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‘Tis the season to celebrate (coronavirus and all)

After nearly a year of coronavirus Jewish holidays, we wanted to share what we've learned about how to do festivities at a distance, as we start this winter holiday season
The table in the Wolkenfeld home pre-pandemic, as they prepared to host a large meal, January 2020. (courtesy)
The table in the Wolkenfeld home pre-pandemic, as they prepared to host a large meal, January 2020. (courtesy)

As Jews who spend most of September and October celebrating a long list of Jewish holidays, from the well-known (Rosh Hashanah) to the less famous (Shimini Atzeret), we always laugh a little to hear the media reference “the holiday season.” By the time Thanksgiving preparations kick into high gear, we have usually had just a few weeks to recover from the frenetic “shop-cook-eat-pray-repeat” pace of the Jewish holiday season.

This year, the return to post-holiday life has given us time to reflect on the “new normal:” The Jewish community has now observed nearly all of our holidays under the strange circumstances of the COVID-19 pandemic. From celebrating Passover under a shelter-in-place order last spring to an entire fall holiday season that was reinvented by health restrictions, we feel ready to offer some advice to our friends and neighbors who are just beginning to think about a winter holiday season transformed by the pandemic. 

We assume that, just as our Jewish community prioritized health, safety, and compliance with all relevant public health guidelines, most Americans are also approaching their holiday season with that same spirit of responsibility and solidarity. And we know that even radically  transformed holidays can be a source of joy and inspiration.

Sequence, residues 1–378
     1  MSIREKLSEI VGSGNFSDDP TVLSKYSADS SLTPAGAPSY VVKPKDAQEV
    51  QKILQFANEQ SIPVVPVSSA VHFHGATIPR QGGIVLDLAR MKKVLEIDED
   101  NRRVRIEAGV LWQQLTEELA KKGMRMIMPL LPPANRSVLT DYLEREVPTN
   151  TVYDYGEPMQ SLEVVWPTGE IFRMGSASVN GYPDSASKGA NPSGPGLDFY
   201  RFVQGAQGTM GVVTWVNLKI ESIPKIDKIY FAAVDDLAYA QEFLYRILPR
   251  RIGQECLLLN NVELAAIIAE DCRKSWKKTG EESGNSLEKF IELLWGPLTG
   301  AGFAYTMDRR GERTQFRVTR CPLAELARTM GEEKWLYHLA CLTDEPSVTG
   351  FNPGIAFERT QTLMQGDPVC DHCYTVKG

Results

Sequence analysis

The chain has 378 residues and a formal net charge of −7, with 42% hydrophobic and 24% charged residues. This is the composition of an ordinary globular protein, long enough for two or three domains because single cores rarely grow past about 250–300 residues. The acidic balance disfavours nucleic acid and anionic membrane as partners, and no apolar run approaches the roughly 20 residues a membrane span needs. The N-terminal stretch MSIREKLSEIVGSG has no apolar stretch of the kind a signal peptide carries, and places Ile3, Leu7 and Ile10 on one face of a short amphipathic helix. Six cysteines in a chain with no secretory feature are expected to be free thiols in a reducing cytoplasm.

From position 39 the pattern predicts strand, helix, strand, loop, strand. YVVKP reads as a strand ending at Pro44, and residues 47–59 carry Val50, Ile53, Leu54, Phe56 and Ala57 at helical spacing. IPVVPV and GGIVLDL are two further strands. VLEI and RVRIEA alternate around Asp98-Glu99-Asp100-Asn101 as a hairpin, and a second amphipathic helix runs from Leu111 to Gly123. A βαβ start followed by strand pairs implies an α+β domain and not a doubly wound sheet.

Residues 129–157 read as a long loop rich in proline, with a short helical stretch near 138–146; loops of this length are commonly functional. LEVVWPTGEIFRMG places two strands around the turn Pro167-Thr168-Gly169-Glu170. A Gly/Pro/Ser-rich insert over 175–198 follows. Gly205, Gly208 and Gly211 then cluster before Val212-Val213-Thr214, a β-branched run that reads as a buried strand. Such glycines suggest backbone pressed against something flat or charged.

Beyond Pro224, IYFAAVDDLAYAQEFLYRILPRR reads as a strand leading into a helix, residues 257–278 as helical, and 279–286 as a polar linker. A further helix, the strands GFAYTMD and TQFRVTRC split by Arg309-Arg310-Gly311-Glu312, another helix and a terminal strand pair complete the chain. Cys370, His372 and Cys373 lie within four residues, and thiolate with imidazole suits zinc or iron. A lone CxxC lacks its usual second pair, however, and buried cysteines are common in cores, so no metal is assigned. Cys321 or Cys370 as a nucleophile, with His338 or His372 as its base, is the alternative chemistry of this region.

Focus on Food and Family

Passover, which began in April this year, is typically a time to gather and eat in large groups. In our home, tables stretch from the dining room through the living room, often resulting in a last minute need to move armchairs and furniture to squeeze in a few more guests. Family of origin, family of choice, and the mandate to ensure that everyone in the community has a place to celebrate — all of these dictate the parameters of a person’s Passover seder. Fast forward to 2020, and the question: “How are we going to feed everyone who is coming to our home?” became “How are we going to feed… everyone??” In the scramble that ensued, we realized that making sure that people have the food they need may seem basic, but it is important. 

Make sure that people have what they need to celebrate, even if normal shopping, cooking, and enjoying the hospitality of friends and family is not possible. Volunteers within our synagogue community delivered hundreds of subsidized Passover meals to their friends and neighbors so that they could cope with the new reality of a shelter-in-place order instead of searching for a kosher brisket. Communities of all kinds, whether centered around a house of worship, a workplace, or an extended family, can likewise ensure that each individual member of that community has access to the basic materials one needs to celebrate.